order them in the Ruby side. Something like:

I was wrong thinking that the order can’t be specified in SQL too.
After googling a bit, I found that you can do also something like this:

select * from your_model_table where id in (5,3,2) order by field(id,
5, 3,2);

So you can do something like this:

order = [5,2,3]
YourModel.find(:all, :conditions => [“id IN (?)”, order], :order =>
“field(id, #{order.join(”,")})")

and it will be probably a lot more efficient.

Carlos P.

Thanks so much Carlos. I was trying your first approach but it wasn’t
very elegant. But your second solution is perfect. Thanks once again.

On Wed, May 14, 2008 at 12:34 AM, Carlos P.
[email protected] wrote:

Because no ORDER BY was specified, the objects are returned as the
database found them. That order is, of course, creation order

No, without an ORDER BY clause the order is simply undetermined.

FWIW,

Hassan S. ------------------------ [email protected]

Because no ORDER BY was specified, the objects are returned as the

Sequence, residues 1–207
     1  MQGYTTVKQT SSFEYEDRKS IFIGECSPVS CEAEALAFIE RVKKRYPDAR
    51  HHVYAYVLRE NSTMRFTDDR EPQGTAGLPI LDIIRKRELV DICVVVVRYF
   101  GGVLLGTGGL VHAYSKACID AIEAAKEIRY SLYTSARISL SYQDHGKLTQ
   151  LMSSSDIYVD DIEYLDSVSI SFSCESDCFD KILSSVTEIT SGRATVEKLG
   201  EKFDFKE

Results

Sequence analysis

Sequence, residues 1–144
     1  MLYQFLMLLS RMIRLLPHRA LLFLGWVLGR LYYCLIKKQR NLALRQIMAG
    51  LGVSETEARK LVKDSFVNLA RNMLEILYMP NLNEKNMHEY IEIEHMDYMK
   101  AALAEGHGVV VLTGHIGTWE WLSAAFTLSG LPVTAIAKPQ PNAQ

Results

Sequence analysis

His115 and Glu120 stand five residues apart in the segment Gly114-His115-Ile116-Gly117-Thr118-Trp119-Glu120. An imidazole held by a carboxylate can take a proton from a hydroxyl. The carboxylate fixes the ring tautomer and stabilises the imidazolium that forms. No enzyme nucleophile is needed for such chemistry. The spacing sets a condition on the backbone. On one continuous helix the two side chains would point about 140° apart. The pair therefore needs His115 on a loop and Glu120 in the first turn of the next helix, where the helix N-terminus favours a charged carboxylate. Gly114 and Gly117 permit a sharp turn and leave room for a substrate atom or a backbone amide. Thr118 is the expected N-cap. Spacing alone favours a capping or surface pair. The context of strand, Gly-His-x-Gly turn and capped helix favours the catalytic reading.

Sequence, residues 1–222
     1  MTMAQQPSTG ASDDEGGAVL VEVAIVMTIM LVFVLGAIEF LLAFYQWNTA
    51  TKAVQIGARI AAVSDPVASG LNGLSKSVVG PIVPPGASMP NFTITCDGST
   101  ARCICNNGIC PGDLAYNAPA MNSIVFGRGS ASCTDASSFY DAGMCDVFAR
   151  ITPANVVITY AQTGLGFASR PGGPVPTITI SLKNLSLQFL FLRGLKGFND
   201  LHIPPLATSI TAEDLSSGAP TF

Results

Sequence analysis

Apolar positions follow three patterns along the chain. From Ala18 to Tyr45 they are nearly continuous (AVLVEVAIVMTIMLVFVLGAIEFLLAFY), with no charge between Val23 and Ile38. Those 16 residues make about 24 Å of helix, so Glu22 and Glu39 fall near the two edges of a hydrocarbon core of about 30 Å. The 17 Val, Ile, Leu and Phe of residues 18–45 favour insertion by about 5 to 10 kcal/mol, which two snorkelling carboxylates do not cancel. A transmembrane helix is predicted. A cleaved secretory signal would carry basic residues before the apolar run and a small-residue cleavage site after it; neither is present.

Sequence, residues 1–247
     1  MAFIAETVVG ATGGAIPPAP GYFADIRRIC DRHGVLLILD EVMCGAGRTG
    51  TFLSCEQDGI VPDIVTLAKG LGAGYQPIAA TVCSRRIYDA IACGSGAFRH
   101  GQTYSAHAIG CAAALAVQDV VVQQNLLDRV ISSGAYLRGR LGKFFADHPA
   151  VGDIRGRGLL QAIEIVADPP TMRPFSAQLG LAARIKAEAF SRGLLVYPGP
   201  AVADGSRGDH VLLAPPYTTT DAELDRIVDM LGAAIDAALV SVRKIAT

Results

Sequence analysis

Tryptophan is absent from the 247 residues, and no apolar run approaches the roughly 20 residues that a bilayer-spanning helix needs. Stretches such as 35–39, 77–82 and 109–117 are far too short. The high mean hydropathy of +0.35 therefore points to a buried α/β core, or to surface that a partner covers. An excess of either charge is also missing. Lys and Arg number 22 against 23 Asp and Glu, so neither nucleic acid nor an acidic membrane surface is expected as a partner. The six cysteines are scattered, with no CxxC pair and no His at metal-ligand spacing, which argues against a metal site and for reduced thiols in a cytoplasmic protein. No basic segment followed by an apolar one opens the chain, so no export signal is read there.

database found them. That order is, of course, creation order

No, without an ORDER BY clause the order is simply undetermined.

Hi Hassan,

Yes, you’re right, the SQL language description probably says that.
But AFAIK, in practice, at least both MySQL and SQLITE implementations
returns the records in creation order by default.

Carlos P.

On Wed, May 14, 2008 at 10:44 AM, Carlos P.
[email protected] wrote:

Yes, you’re right, the SQL language description probably says that.
But AFAIK, in practice, at least both MySQL and SQLITE implementations
returns the records in creation order by default.

It may appear so, particularly in a table using primarily inserts and